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1st time clipless pedal user story---long but true(5 posts)

1st time clipless pedal user story---long but truewcfumc
Jun 27, 2002 11:51 AM
There was a thread about 1st time clipless pedal users and another about the reliability of these forums. Well that lead me to share a very true story about my life. Any other funny cycling stories out there?

True story (10 yrs ago) about my first experience with clipless pedals. I have always enjoyed biking and decided to try mtb while attending Erskine Seminary in Due West, SC (Yes, that is the name of the town). After a few "shin rakes" by jagged pedals, I knew I was ready to try some SPDs. I traveled to Greenville, SC to the LBS and purchased my first SPDs. The sales clerk was most helpful in assisting me until it came time to click in. Weighing around 120 lbs and pedal tension higher than needed, I applied all my weight and effort to click in while the clerk held the bike. As soon as I heard the click, I fell over unto the store floor. I calmly said to the clerk, "just what I was looking for, I'll take them." Noticing everyone looking, I twisted and squirmed to un-click but to no avail. The clerk had to unstrap my shoe so that I could get out from under the bike. I quickly paid for the pedals and humiliation and left the store (it gets worse).

Traveling back to my home in middle GA, I decided to try the pedals once more on my favorite trails (Parson's Mt. Motorcycle trails in Abbeville SC). There are about 80 miles of horse and motorcycle trails with many trail heads and intersections. The terrain is hilly with lots of red clay—most the time wet. It was about 3:30 on a hot June afternoon. I geared up, grabbed a water bottle, and began riding on what I thought was a 12 mile loop. Things were going fine until I hit my first muddy section. The tires spun and the bike stalled. Again, I was unable to unclick and fell over—in the clay mud. About 12 miles later and red clay packed in my pedals, I realized I was lost. To make matters worse, a thunderstorm was forming and I hate lighting. 20 miles later, I came out unto a gravel service road. By this time I had lost track of the times I fell and relinquished much time to walking. The gravel roads were wonderful compared to the wet, clay trails. However, many of the gravel roads were dead ends. A total of 30 miles later and dehydrated, I ventured unto a main highway between Greenwood and Abbeville.

The church at the intersection was a wonderful sight and I just knew the pastor would be willing to help. I knocked on the parsonage next to the church and the pastor was home. Instead of receiving warm hospitality, I received a cold shoulder. I asked if I could use the phone to call a friend. Instead of inviting me in to use the phone and have something to drink, he quickly walked me to the church to use that phone. Unfortunately, my friend was not at home. Covered from head to toe in mud, I asked if he could take me to my vehicle (about 20 miles by road). Staring at me and my mud-covered bike he pointed to his new van and said, "my wife would kill me if I got her new van dirty." I guess he hadn't yet read the passage about the Good Samaritan. Reluctantly, I mounted my bike and started the 12 mile, hilly road to Abbeville. Twice, my legs cramped so that I couldn't pedal and I fell aside the road. I arrived at my friends house around 9:00, 5 ½ hrs later. I showered, borrowed some clothes, and ate a hearty meal. Later, he drove me to my vehicle by which I had another 3 hrs drive home.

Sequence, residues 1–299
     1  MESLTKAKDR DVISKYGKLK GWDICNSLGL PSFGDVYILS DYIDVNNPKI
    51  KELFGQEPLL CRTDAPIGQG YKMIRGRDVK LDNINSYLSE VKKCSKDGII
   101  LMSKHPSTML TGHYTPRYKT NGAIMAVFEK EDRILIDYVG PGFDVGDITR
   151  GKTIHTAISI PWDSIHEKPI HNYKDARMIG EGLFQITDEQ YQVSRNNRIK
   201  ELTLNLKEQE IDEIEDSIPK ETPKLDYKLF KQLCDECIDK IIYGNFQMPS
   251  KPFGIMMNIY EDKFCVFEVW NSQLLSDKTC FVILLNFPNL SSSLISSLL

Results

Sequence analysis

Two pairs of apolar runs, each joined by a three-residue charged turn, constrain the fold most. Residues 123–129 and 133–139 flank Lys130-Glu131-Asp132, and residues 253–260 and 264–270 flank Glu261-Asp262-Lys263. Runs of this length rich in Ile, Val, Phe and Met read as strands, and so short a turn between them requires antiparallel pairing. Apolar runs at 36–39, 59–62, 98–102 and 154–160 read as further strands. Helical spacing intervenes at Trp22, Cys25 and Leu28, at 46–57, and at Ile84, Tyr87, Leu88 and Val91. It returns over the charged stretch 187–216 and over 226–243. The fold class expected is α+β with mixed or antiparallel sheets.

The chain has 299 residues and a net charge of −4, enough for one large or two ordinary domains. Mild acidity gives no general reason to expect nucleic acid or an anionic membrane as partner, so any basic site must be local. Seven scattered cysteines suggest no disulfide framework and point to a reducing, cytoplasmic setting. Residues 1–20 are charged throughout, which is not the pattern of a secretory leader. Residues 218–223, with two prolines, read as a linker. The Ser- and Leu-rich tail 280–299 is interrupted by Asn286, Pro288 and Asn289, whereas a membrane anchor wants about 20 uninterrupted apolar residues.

Lessons learned:
1) When trying clipless pedals for the first time, try it alone and on grass.
2) Always tell someone where you are. I could have died out there and no one would have known.
3) KNOW the trail!
4) Carry ample water supply.
5) If there is a fork in the road, take the other one.
6) Find a church where the pastor not only preaches the Word but lives it.
Great story-thanks for sharing!AllisonHayes
Jun 27, 2002 12:47 PM
Poor thing! Next time I have a bad day, I'll think of you. I got cold and hungry just reading it, not to mention the embarrassment you suffered.

I love it when people share their experiences...

Other lessons learned:
7) offer assistance when you see someone in need
8) people who are paranoid about their clean car should buy plastic seat covers.
What an Odessey....also, the pastor gets two thumbs down[nm]jagiger
Jun 27, 2002 2:57 PM
He's a Pastor, not a taxi driver...jromack
Jun 27, 2002 4:49 PM
He's not under any obligation to ruin his vehicle to drive you home.

But he still could have offered you a drink and helped you wash off.

Hypocrites are very amusing.
re: 1st time clipless pedal user story---long but truetaar44
Jun 27, 2002 5:47 PM
Had the pastor been catholic and had you had a babyface............